March 2, 2013 |
WASHINGTON - Fired up as once-unimaginable spending cuts start to slice the federal budget, Republicans are launching a new phase in their austerity campaign - resurrecting the party's cost-cutting plan to turn Medicare into a voucher-like system for future seniors. Despite public uncertainty Saturday about the $85 billion in so-called sequester cuts, Republicans now believe they have momentum to ask Americans to make tough choices on Medicare, as rising healthcare costs combine with an aging population to form a growing part of future deficits.
CALIFORNIA | LOCAL
February 22, 2013 |
First the good news: The state controller says the cost of providing healthcare to retired public employees did not rise as fast as expected. Now the bad news: Over the next three decades, the bill is expected to be $63.84 billion more than Sacramento has set aside to pay for it, and state officials don't have a clear plan to cover those costs. The updated figures were released Thursday by state Controller John Chiang. "The current pay-as-we-go model of funding retiree health benefits is shortsighted and a recipe for undermining the fiscal health of future generations of Californians," Chiang said in a statement.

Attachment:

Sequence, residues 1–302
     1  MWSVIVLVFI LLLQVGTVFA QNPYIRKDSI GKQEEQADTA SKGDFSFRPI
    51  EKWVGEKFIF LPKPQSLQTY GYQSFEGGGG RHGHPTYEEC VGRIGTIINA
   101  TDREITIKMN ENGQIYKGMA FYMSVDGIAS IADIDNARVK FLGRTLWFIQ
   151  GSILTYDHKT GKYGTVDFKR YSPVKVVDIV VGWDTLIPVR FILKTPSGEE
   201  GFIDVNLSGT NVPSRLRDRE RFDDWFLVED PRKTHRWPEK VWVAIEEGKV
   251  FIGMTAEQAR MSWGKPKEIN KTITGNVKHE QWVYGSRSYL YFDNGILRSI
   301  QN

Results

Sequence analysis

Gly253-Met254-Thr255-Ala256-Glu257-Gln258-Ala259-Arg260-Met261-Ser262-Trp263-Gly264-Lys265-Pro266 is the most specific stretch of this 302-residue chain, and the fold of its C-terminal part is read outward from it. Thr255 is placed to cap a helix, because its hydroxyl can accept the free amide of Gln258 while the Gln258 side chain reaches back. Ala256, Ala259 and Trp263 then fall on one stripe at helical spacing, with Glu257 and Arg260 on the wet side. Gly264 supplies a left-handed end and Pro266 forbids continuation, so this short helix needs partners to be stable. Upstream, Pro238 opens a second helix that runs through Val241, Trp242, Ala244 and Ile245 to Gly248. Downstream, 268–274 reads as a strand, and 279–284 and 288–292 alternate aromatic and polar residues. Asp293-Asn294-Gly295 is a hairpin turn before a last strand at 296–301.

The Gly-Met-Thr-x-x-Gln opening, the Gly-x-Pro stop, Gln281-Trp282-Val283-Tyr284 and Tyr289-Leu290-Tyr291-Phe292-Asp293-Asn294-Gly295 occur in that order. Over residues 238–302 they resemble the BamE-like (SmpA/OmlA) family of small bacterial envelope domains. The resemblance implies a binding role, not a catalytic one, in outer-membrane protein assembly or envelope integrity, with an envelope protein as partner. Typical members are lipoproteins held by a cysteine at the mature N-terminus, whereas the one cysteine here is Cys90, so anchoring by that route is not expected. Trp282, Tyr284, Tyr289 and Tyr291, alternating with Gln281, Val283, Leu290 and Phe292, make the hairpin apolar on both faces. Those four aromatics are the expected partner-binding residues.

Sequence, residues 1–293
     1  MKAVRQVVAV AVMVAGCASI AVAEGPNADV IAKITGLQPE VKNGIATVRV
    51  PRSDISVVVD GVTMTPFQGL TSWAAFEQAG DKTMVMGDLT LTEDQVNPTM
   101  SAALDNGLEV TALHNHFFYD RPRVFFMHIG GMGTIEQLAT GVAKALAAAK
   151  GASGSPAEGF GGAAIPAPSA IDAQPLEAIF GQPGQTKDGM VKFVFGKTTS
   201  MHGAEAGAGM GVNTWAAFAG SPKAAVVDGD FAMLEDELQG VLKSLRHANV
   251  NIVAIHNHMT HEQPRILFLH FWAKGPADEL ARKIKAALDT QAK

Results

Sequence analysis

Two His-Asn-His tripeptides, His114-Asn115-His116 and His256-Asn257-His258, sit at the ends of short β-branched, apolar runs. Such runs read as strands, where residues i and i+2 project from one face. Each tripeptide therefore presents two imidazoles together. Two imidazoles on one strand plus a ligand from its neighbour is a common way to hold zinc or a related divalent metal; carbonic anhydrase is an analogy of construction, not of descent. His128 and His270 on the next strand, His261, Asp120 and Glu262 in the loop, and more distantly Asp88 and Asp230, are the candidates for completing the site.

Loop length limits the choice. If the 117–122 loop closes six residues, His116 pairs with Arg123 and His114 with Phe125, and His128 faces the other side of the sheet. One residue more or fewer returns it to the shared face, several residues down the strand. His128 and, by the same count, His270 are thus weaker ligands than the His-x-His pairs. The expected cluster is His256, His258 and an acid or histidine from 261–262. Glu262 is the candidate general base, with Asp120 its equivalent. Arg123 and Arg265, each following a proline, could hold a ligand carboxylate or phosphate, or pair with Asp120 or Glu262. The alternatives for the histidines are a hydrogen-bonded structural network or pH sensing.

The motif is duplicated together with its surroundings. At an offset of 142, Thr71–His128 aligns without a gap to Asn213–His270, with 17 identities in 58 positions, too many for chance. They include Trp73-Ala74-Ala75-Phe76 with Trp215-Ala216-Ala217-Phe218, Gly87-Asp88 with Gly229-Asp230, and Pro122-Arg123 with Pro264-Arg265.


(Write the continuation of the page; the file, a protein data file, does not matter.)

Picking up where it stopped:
February 21, 2013 |
In the span of 15 years, the number of bariatric surgeries performed in the United States has grown more than 16-fold to roughly 220,000 per year, gaining cachet as a near-panacea for obesity. Despite the daunting price tag, mounting research has boosted hopes that the stomach-stapling operations could reduce the nation's healthcare bill by weaning patients off the costly drugs and frequent doctor visits that come with chronic obesity-related diseases like diabetes and arthritis.
CALIFORNIA | LOCAL
February 9, 2013 |
When Claire Gordon arrived at Cedars-Sinai Medical Center, nurses knew she needed extra attention. She was 96, had heart disease and a history of falls. Now she had pneumonia and the flu. A team of Cedars specialists converged on her case to ensure that a bad situation did not turn worse and that she didn't end up with a lengthy, costly hospital stay. Frail seniors like Gordon account for a disproportionate share of healthcare expenditures because they are frequently hospitalized and often land in intensive care units or are readmitted soon after being released.
CALIFORNIA | LOCAL
February 8, 2013 |
The top five candidates for Los Angeles mayor faced an unusually tough grilling Thursday led by Austin Beutner, the former deputy mayor who once stood as a leading contender in the race. While in past debates the candidates have offered a striking lack of specificity about how they would tackle the city's looming $1-billion budget deficit, Beutner -- a retired investment banker who served as Mayor Antonio Villaraigosa's first deputy until mid-2011 -- repeatedly pressed them for details at a lively San Fernando Valley forum.